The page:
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Arbitration of a Divorce Has Pros and Cons

Arbitration Agreement

More and more couples who see the expense and stress involved in a courtroom divorce are instead choosing to arbitrate their divorce. Arbitration is a means of conflict resolution where a binding decision is issued by a private factfinder. This process allows couples to resolve heated issues using evidence and an objective decisionmaker while keeping the process and outcome confidential. Couples considering arbitration for their divorce should become informed on both the advantages and disadvantages of divorce arbitration before committing to this alternative means of dispute resolution. Learn more about these pros and cons below.

Pro: Arbitration can be faster than a courtroom divorce

Family part judges are overloaded with cases. It can take months or even years to receive a final judgment in a contested divorce proceeding. If you’re eager to move on with your life after filing for divorce, you may be able to do so sooner by choosing to arbitrate. Once you and your spouse settle on an available arbitrator, hearings can often be scheduled soon after, and you may have a binding decision within months. 

Pro: Arbitration provides families with privacy

A judge’s decision is a matter of public record. Judges will often use a pseudonym for children involved in divorce or custody cases, but unless special circumstances apply, these public decisions will include the full names of both spouses. Arbitrators’ decisions, on the other hand, are entirely private.

Pro: Parties decide how arbitration is conducted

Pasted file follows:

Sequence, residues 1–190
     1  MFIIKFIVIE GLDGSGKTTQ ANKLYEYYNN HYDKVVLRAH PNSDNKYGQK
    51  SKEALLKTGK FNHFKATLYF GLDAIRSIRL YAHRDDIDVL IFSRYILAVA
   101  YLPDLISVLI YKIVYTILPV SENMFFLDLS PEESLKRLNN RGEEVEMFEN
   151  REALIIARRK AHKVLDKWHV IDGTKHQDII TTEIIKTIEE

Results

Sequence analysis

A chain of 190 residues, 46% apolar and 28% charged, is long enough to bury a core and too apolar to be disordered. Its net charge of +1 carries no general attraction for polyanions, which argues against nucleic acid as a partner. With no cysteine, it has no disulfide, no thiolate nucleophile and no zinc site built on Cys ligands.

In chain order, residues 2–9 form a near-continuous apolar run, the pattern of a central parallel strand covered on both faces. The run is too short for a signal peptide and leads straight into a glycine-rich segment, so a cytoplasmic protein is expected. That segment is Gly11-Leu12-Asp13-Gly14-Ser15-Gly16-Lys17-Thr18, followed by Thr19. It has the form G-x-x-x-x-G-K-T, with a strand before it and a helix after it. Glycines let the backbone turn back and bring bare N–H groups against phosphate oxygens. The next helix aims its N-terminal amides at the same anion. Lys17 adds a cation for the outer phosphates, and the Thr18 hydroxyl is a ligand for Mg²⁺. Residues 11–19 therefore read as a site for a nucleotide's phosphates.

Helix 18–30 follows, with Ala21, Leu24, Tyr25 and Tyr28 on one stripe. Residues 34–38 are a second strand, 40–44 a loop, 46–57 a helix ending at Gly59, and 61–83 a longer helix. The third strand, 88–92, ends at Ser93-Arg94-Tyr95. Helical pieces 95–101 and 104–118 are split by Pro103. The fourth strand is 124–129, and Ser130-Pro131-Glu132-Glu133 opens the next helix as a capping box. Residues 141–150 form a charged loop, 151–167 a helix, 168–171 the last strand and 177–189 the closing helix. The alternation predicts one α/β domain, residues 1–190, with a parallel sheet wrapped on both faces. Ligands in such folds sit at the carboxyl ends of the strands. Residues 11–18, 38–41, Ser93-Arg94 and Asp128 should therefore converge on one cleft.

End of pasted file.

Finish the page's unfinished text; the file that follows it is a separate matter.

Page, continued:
One reason that courtroom divorce trials take longer than arbitration is that there are many formalities involved in trial. In arbitration, the parties are permitted to forgo many of these cumbersome rules. The parties can decide what level of detail is included in the arbitrator’s decision and can dispense with rules governing what evidence is or isn’t admissible.

Con: There is a limited right to appeal an arbitration award

Unlike a courtroom trial, the decisions issued by arbitrators are subject to only limited review by a judge. When a trial is held in a courtroom, you have the right to appeal the judge’s decision to the Appellate Division. Appellate courts aren’t quick to overturn a trial court’s decision, but it isn’t uncommon for them to do so. If the arbitrator issues a decision you feel is unfair, judges are prevented from changing the outcome in all but a small number of cases.

Con: Arbitration can be costly

Long courtroom trials can be extremely expensive when accounting for court costs and attorneys’ fees. However, arbitrators often charge hundreds of dollars an hour for their services, and most parties to an arbitration still hire an attorney to represent them in an arbitration. One less-expensive, and less-contentious, alternative to arbitration can be divorce mediation.

If you’re looking for legal guidance on whether to sign a prenuptial agreement in New Jersey, or if you need skilled representation for a divorce or child custody dispute, contact the knowledgeable and seasoned Union family law attorney John B. D’Alessandro for a consultation, at 908-964-0102.

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